What comforts you?

Is it news of a friend’s recovery from a severe illness? Is it the sound of a voice of someone you care about? Is it a morning filled with sunshine or the laughter of children in a park? Is it a time of calm prayer?

Comfort is at the heart of Isaiah’s reading (40:1-11) for the second Sunday of Advent. In it God issues a command to Comfort, O comfort my people.

The comforting news is that Israel’s penalty is paid, ….. The community of Israel has been forgiven.

Guilt had burdened the people. But now the sentence for the crime has been served and the people are to be freed. The comfort is that reconciliation with God has been achieved. He will open the doors of the Babylonian prison and the captives will be set free. Instead of anger, God will meet his people with an embrace.

The next passage surprises but also contains profound psychological insights. An anonymous voice, perhaps that of an angel, cries out prepare the way of the Lord. In the wilderness make straight a highway for our God …. Every valley shall be lifted up, and every mountain and hill be made low; the uneven ground shall become level, and the rough places a plain.

The instruction to make straight a highway in the wilderness, fill the valleys and level the mountains feels disconnected from the opening words to comfort my people. It sounds like a non sequitur. How does an instruction on ‘civil engineering’ relate to comforting? Surely comforting God’s people does not involve digging and hauling actual rocks.

The answer is that comfort means more than ease. As this commentary’s opening question suggests it can mean a renewal of the spirit and a joy in relationship. This metaphor of filling the valleys and leveling the mountains addresses this refreshment of the soul.

Filling valleys and leveling mountains make a journey easier and faster. It enables the flow of riches. It opens up possibilities.

Preparing the way of the Lord contains a profound insight. It links our renewal of spirit to our effort to make God welcome in our hearts. The ‘civil engineering’ effort has to take place internally.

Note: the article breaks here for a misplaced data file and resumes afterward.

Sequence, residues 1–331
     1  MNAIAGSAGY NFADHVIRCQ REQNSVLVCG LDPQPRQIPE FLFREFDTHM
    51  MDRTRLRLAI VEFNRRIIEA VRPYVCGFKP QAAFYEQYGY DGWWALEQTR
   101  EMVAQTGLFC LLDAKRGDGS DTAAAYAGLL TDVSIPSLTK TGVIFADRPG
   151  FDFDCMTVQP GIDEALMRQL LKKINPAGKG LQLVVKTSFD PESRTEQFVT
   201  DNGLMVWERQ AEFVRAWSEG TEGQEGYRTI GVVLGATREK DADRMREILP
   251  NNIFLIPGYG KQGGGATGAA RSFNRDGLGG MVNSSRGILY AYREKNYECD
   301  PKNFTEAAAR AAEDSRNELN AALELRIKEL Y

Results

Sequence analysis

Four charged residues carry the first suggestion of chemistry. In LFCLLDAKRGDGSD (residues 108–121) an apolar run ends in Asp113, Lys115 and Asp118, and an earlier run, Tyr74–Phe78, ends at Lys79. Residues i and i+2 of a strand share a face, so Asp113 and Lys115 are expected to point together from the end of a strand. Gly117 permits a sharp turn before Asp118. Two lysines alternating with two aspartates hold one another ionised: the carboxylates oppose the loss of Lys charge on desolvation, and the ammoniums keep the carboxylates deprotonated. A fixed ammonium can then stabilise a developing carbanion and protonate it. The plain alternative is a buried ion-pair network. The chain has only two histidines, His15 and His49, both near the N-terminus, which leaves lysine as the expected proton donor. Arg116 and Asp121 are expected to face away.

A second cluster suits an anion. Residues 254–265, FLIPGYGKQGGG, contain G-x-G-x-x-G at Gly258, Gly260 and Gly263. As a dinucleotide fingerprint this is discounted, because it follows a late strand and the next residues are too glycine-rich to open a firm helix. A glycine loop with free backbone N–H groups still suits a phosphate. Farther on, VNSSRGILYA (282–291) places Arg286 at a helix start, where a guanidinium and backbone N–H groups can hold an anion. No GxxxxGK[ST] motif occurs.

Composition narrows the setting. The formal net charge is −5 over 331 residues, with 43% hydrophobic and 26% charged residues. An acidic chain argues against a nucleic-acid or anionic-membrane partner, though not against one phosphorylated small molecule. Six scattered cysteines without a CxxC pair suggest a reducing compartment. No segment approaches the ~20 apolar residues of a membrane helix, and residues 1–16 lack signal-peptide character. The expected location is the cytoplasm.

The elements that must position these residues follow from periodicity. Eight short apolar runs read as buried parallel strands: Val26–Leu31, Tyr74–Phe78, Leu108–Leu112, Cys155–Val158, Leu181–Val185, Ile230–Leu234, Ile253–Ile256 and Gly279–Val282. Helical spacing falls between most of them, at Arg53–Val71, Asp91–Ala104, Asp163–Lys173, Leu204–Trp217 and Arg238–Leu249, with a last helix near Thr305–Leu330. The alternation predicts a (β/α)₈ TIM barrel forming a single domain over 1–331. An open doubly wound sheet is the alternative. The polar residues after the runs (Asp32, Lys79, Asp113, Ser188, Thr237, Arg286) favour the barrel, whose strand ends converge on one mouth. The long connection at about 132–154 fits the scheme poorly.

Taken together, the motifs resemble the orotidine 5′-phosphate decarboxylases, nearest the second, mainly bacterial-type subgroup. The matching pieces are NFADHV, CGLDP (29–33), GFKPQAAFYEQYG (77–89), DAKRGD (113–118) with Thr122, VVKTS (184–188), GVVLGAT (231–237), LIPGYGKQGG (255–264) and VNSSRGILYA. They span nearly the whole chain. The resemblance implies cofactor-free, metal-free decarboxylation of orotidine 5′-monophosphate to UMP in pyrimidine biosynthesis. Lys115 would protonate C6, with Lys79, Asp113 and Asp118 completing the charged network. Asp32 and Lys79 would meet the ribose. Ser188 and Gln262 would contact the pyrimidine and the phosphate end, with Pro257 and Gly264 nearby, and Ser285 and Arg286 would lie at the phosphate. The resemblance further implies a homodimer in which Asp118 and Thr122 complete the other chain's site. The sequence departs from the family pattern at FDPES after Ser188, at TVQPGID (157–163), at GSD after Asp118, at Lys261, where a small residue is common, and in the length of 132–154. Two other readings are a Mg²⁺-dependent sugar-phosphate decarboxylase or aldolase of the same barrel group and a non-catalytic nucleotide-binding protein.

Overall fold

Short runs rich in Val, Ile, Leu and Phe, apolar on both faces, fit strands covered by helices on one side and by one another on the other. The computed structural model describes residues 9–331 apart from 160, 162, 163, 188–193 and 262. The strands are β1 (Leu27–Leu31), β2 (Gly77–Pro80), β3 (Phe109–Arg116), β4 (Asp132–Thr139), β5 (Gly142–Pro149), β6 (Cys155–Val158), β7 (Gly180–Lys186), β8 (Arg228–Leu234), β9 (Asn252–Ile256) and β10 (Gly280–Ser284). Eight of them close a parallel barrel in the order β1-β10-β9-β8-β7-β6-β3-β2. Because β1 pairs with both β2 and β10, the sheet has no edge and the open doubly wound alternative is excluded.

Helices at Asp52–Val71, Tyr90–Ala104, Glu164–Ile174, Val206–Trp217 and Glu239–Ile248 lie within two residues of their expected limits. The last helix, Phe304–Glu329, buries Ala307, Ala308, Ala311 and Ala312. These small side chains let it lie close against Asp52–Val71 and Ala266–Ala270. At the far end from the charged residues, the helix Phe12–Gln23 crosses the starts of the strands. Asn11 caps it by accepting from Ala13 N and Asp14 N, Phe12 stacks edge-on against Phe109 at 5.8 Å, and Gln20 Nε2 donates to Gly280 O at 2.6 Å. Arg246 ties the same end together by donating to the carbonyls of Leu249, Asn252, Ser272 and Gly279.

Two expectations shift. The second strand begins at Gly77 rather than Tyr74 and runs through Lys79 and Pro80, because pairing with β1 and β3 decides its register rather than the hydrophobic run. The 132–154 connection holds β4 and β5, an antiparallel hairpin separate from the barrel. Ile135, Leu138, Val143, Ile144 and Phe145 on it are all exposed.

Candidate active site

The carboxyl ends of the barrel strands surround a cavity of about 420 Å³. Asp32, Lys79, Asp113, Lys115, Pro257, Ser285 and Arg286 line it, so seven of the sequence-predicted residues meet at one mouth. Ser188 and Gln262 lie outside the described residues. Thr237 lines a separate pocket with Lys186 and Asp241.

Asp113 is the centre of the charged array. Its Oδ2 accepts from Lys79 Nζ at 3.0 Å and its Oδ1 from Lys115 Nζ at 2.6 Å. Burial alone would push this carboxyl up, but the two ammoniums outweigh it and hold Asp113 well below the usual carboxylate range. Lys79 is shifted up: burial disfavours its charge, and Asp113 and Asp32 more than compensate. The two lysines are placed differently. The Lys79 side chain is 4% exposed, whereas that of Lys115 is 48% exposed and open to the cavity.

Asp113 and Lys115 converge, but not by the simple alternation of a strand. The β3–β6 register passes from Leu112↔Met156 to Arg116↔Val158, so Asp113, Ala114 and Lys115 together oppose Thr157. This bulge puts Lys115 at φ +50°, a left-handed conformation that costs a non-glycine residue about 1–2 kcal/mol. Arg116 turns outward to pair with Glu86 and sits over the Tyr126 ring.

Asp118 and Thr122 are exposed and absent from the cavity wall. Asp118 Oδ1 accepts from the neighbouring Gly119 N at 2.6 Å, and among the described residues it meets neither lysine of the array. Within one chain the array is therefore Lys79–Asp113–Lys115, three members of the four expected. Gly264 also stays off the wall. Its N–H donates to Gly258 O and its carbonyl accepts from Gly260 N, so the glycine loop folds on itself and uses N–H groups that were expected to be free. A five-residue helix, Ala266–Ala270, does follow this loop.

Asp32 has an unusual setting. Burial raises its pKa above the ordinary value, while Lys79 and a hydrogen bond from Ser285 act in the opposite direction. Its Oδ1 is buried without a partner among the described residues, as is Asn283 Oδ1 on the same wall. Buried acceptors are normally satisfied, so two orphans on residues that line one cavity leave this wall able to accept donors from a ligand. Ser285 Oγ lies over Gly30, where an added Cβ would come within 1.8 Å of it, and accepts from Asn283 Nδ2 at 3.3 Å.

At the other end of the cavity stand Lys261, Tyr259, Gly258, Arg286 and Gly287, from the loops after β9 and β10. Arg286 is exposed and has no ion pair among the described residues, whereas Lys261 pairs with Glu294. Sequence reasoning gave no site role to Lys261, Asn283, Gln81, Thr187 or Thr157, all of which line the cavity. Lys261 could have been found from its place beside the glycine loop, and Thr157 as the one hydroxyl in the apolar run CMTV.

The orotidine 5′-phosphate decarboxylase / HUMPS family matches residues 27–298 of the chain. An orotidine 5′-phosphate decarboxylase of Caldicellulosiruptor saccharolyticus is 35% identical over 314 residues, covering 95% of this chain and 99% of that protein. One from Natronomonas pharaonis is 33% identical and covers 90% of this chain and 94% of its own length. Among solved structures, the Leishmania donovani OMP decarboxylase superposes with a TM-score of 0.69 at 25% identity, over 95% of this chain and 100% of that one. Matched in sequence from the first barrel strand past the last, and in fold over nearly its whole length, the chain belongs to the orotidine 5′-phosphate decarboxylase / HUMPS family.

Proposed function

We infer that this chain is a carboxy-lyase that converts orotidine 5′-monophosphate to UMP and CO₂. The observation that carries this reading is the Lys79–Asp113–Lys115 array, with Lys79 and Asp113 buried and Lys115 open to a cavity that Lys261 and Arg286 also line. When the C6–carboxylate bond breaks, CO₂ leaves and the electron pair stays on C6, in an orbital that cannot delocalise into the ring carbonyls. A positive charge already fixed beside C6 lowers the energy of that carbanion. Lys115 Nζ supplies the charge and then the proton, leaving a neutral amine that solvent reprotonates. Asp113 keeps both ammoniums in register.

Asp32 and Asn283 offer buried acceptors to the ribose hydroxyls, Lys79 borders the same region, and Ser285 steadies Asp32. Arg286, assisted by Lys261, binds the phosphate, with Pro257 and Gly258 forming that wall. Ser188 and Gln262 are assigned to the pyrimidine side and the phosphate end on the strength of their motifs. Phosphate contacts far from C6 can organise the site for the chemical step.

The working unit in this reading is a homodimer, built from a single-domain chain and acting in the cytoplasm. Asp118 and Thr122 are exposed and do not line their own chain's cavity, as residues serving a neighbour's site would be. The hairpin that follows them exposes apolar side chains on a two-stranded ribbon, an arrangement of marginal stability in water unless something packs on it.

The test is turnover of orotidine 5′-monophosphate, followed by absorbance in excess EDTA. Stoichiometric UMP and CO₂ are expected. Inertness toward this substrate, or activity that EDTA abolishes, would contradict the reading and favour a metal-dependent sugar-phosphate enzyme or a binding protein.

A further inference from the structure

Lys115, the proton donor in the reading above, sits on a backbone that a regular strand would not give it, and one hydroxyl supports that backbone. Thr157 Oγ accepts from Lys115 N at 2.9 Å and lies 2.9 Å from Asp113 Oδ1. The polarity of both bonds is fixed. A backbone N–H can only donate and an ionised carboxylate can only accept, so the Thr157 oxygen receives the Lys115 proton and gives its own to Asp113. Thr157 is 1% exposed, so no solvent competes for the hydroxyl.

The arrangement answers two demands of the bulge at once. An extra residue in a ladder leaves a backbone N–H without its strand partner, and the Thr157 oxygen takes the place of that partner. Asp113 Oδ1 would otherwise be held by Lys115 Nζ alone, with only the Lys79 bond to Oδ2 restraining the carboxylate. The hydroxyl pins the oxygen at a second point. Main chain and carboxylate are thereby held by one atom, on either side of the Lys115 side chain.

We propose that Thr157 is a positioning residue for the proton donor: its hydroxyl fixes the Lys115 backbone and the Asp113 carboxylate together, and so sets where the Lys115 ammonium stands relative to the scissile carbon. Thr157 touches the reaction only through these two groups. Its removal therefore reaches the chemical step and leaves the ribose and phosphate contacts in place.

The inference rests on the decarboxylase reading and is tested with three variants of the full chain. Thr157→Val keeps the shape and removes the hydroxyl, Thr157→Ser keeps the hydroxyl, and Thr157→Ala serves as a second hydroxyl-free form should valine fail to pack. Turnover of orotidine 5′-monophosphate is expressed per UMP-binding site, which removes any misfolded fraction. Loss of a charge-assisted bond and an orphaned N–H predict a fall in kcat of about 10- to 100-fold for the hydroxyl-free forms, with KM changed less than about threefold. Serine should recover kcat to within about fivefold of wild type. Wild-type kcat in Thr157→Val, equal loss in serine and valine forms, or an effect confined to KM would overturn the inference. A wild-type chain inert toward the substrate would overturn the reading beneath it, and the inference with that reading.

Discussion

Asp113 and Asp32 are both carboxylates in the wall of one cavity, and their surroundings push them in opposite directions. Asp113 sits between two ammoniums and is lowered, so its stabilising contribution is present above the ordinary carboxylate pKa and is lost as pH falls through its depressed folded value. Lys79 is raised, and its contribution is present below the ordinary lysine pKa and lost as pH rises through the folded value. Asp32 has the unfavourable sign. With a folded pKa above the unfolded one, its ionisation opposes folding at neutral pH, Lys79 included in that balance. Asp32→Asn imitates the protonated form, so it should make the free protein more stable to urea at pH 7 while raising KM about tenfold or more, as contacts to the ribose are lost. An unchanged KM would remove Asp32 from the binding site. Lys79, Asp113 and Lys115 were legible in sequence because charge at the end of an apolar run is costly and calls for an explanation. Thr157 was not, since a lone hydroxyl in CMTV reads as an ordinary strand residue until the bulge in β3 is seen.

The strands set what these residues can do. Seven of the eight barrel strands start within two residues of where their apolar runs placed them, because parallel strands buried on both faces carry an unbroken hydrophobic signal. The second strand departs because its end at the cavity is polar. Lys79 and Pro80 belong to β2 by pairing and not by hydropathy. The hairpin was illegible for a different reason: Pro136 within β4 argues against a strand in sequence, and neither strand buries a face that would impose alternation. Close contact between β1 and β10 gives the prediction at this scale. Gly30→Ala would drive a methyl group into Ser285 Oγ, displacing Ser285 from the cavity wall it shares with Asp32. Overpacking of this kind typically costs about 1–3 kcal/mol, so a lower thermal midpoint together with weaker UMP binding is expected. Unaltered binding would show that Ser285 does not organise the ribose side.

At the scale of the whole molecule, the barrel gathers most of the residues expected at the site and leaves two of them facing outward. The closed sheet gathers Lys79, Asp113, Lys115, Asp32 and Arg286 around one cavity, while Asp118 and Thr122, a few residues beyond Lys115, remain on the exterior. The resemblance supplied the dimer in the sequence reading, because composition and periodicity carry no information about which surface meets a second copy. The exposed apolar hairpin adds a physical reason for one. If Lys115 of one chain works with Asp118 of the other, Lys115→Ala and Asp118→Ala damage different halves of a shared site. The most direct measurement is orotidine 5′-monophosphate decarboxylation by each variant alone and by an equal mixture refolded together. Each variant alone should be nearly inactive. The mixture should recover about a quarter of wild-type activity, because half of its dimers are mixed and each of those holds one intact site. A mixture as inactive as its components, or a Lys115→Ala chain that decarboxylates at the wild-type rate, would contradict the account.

Removing the obstacles that prevent God from entering our lives is comforting. Each of us knows of personal habits that obstruct our relationship with God. Each of us knows of something we could and should do differently to live more fully in God’s presence. And we also know a certain kind of satisfaction that comes from addressing these obstacles in our lives. This is what Isaiah is saying when he links comfort with preparing the way of the Lord.    

Another dimension of comfort arises from reconciling with someone we have cared about. It provides peace. Nevertheless reconciliation takes effort. It may involve swallowing pride and saying “I’m sorry”. It does not come easily. The effort is the equivalent of filling valleys and leveling a mountain.

In 540 BCE, when Isaiah was writing, filling valleys and making a path straight meant digging stones and roots by hand and carrying them on animal-drawn carts or on shoulders. The effort would have seemed endless and the progress slow. Yet they understood their objective in fixing the road and they understood its metaphoric meaning.

Making straight the way of the Lord is a lifelong commitment that takes effort and sometimes feels like it has little to show by way of results.

Yet Isaiah’s insight is that the effort we honestly expend to welcome God into our lives comforts us. Out conscience tells us that this is the right thing to do.

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As an Advent reading, the church uses Isaiah 40:1-11 as both a historical reminder and as a scriptural urging for us to get ready to liturgically celebrate Christmas in a renewed spirit.

The reading also suggests that Advent can be a perpetual state of mind. By it we are reminded to constantly tune our lives to God and prepare a way to welcome him.

The payoff is comfort…in the sense that Isaiah proclaims.

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  • What experience do you have of being comforted by effort: practicing a musical instrument, exercising to run faster, working in a garden? Do you find comfort in ‘leaning in’ to the anticipated result.
  • When you look at your life you may be able to spot ‘rocks in the road’ that cause you to swerve from your objectives. But are there valleys, mountains… big things in your life that need structural change?
  • Advent is both a liturgical time as well as a way of life. As such, we draw comfort from orienting our lives to God in the way we live our lives. What change will you make in Advent that you can carry forward…to comfort you and prepare the way of the Lord in your life?

Peace

Michael